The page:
How Long Does it Take to Get Your GMAT Score?

Receiving Your GMAT Scores and Sending Them to Your Chosen Schools

How long does it take to get your GMAT scores? How do you send them to the universities you’re applying to? Find out what you need to know so your business school application can go smoothly.

A great GMAT score is crucial if you want to increase the likelihood that you’ll get into the grad school or business school you want. But of course, it’s not enough to do well. You still have to get your GMAT scores and send them to the business schools you’re applying to. How else will they know you did well in the GMAT?

You’ll have to do this the right way and keep in mind that these schools have deadlines for admissions as well. You can’t just tell them your GMAT scores and expect them to take your word for it. You have to do things the right way.

Your GMAT Scores

The GMAT consists of 4 scored sections:

  • Analytical Writing Assessment (AWA). Scores range from 0.0 to 6.0, in half-point increments
  • Integrated Reasoning (IR). The possible scores range from 1 to 8, in 1-point increments.
  • The scores range from 0 to 60. However, in practical terms, the scores actually range from 6 to 51 points. That’s because it’s extremely rare for anyone to get less than 60 or to get more than 51 points.
  • The same rules for Quantitative scores apply for the Verbal.

Your Unofficial Scores

When you use a computer in the testing center to take the GMAT, that same computer screen will also show you your unofficial scores at the end of the exam. These scores include the scores for the IR, Quant, and Verbal. Your unofficial scores will also give you your percentile ranking for each section.

You don’t get the AWA scores yet because the AWA scores are obtained through a machine algorithm and approved human raters.

Also, you get the combined scores for Quant and Verbal, though your raw scores are converted into a point range from 200 to 800 points. You also get your percentile ranking for this score. The Quant and Verbal sections are treated this way because most grad schools focus more on your performance on these 2 sections rather than on the other sections.

The Option to Cancel

Your scores are still considered unofficial because you still have to option to cancel these scores. Once you see your scores, you can keep them or not, depending on whether you’re satisfied with your GMAT performance.

If you keep your scores, the scores will then be sent to the schools you’ve chosen to receive them (which you’ve indicated during the GMAT registration process). But if you cancel the scores, it will be like they never existed. Only you will know these scores and the schools won’t receive your unsatisfactory scores.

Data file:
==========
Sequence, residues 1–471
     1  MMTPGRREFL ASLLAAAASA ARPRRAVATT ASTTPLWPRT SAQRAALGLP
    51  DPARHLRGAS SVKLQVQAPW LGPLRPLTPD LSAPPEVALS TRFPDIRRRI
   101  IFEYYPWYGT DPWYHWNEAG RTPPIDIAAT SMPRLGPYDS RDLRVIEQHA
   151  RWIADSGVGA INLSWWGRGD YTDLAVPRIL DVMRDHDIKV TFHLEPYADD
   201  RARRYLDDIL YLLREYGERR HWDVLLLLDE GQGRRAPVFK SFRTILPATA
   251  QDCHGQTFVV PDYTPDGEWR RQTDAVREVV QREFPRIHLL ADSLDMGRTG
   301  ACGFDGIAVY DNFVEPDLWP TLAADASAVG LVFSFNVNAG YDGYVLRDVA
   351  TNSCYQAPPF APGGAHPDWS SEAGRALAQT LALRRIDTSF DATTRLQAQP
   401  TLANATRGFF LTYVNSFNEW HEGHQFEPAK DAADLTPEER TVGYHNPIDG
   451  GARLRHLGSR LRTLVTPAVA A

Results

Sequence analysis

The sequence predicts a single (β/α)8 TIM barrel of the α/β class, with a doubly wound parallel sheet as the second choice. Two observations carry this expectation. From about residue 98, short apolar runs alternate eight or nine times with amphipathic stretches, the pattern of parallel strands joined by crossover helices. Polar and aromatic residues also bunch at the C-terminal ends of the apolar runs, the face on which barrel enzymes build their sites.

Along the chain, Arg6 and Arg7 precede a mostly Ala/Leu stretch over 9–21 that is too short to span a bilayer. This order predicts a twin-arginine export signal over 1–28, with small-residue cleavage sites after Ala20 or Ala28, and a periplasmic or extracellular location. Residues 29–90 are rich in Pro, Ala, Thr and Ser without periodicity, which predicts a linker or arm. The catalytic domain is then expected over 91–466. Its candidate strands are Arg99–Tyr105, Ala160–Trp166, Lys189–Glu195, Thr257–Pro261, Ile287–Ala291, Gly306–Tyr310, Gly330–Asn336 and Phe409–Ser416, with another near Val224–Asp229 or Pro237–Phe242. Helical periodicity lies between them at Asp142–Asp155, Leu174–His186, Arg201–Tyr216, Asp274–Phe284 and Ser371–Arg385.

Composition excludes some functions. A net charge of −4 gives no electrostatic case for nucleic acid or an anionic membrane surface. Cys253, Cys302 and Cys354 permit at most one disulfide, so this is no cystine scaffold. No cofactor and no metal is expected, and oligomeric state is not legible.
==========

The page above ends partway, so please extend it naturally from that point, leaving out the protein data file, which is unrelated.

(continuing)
So, how do you know if you did well? You can set your own standards, of course. Also, schools have their own GMAT standards. Some schools can really set the bar high, with their accepted grad school applicants boasting of extremely high GMAT scores.

To give you an idea of whether you did really well or were just average, here are some GMAT stats to consider:

  • The average score for the Quant is usually at 39 points.
  • For the Verbal, the average is 27 points.
  • The composite total score average is about 552 points. About ⅔of all GMAT test-takers score within the range of 400 to 600 points.

If you cancel your scores, that doesn’t mean you can’t change your mind later on. The same goes if you decide to keep your scores since you can still cancel your scores later.

  • If you decided to keep the scores and then changed your mind, you can still cancel within 72 hours of taking the exam. However, you will need to pay a fee of $25.
  • If you decided to cancel your scores after seeing your unofficial scores, and then changed your mind, you can still reinstate your GMAT scores. This will require a fee of $50.
  • If you cancel your GMAT scores, you will also have to wait another 16 days to retake the GMAT. This may delay your application process for business school, and it may make you miss application deadlines.

Receiving Your Official Scores

You will receive your official GMAT scores after your AWA section has been properly checked and scored. Pearson VUE, which helps GMAC in administering the GMAT, will send you an email to notify you. You’ll get this email within 20 days after taking the GMAT.

The mail will give you a special link to click so you can see your scores. The scores will most likely be the same as the unofficial scores, but this time you also get your AWA scores.

If you think that your AWA score is inaccurate in any way, you can use the Essay Rescore Request Form to ask that your essay should be re-scored. Just keep in mind that this will cause another delay.

If you are planning to retake GMAT, check our top GMAT Prep picks here.

How Your Chosen Schools Get Your Official GMAT Scores?

Your original GMAT registration fee already covers the expenses of having your scores sent to the schools you indicated. During the registration, you can select up to 5 schools that can receive your GMAT scores. The schools will then receive your GMAT scores at about the same time you get them. That is, they’ll receive the scores within 20 days of taking the GMAT.

You also have the option of sending your GMAT scores to other schools at a later date. But to do this, you first have to wait 20 days and get your official GMAT scores. Then these additional schools will get your GMAT scores, 5 days after you receive your official GMAT scores. You’ll also have to pay $28 for each additional school that receives your GMAT scores.


You have to know the deadlines for submission when it comes to the business schools you’re applying to. This way, you can make sure that all these schools get your official GMAT scores within the deadline. If you forget this, then you may fail to get into the business school of your choice—simply because you weren’t able to send your GMAT scores on time!